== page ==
When air conditioners were first made, they were manufactured almost entirely of metal. There are certainly environmental impacts associated with manufacturing steel, but it is better than the alternatives, such as plastic. Many air conditioner manufacturers have switched to using as much plastic as possible, and they do this because plastic is cheaper and lighter. However, manufacturing plastic creates significantly more air pollution than manufacturing steel, aluminum and copper. Metal is also superior because it is easily recycled. Plastic is not. In fact, 50% of all plastic is only used once, and that number is closer to 100% if you focus exclusively on air conditioners. Plastic is not biodegradable. It requires significant landfill space, and that exacerbates the problems with landfills being one of the leading causes of air pollution.
How to Limit the Air Pollution Your AC Creates
If everybody made their air conditioner usage more energy efficient even by a little, it would make a real difference when it comes to air pollution and global warming. If you have an air conditioning system that uses Freon, you should consider proactively upgrading to a new model. The new models still release CFCs but not as much. When choosing your new AC, choose the most energy-efficient model that you can afford. Ensure that the model you choose is Energy Star certified, and the higher the SEER rating, the better. You may even be able to take advantage of a federal tax credit if the SEER rating is high enough.
Make sure your home is well-insulated as this is the leading cause of energy loss when it comes to air conditioners. The EPA recommends investing in a smart thermostat. Determine your ideal temperature for while you are home and awake. Use the programming to increase that temperature by 4 degrees Fahrenheit during your sleeping hours and 7 degrees during your school and work hours. Finally, schedule a seasonal tune-up every year in spring. That will extend the life of your equipment and cause it to run at peak efficiency and thus use less energy.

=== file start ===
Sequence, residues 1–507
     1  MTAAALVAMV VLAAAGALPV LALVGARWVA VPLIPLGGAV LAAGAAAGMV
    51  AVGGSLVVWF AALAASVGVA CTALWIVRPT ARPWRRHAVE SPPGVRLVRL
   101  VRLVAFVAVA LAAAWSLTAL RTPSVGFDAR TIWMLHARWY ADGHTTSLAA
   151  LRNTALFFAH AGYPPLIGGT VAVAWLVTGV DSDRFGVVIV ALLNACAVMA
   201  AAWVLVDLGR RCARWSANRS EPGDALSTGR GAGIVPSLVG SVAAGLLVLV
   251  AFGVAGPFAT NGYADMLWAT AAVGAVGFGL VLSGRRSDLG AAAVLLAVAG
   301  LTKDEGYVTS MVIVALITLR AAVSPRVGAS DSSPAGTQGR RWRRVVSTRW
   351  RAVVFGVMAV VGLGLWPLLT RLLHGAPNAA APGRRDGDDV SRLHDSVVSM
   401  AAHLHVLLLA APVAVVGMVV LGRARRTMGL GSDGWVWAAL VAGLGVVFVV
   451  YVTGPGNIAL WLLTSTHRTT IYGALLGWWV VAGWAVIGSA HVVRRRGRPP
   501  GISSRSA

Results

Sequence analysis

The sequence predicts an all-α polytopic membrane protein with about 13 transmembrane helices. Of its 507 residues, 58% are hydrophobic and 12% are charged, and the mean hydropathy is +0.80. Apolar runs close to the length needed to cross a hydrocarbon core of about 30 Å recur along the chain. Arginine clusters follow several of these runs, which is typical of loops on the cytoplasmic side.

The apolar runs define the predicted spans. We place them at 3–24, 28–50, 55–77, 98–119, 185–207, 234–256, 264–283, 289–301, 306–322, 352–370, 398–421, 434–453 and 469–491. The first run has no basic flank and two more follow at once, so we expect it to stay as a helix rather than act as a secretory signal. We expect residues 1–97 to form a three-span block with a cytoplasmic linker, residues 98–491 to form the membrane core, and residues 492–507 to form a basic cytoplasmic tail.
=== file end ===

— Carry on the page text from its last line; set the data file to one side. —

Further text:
Air Conditioning Can Cause Poor IAQ as Well
Air conditioning does not directly lead to poor indoor air quality because air conditioners do not release carbon dioxide and CFCs and the like are nontoxic. Air conditioners do get dirty over time and can negatively affect IAQ that way. It is important to control dust in the home, have your unit cleaned once a year, and have your ductwork cleaned every several years or so. Make sure to replace your air filters as needed and at least every three months. Be mindful that how often you’ll need to replace your filters and clean your ducts depends on the size of your household and whether you have pets. You may also want to consider installing a whole-home purification system in addition to a whole-home dehumidifier and humidifier.
Your Local Indoor Air Quality Pros in Northeast Florida
McGowan's Heating & Air Conditioning is a heating and cooling company that has locations in Jacksonville and Bunnell and has been proud to serve this region for almost 50 years. Our company performs new installations, replacements, conversions, maintenance, and repairs for all manner of heating and cooling technologies used for residential and commercial purposes. We can keep your air conditioner in tip-top shape and your ductwork clean. You can also count on us for a full range of indoor air quality services, including air filters and UV lights. Call us today or contact us online if you have any questions about our services and products or would like to schedule a service appointment or consultation.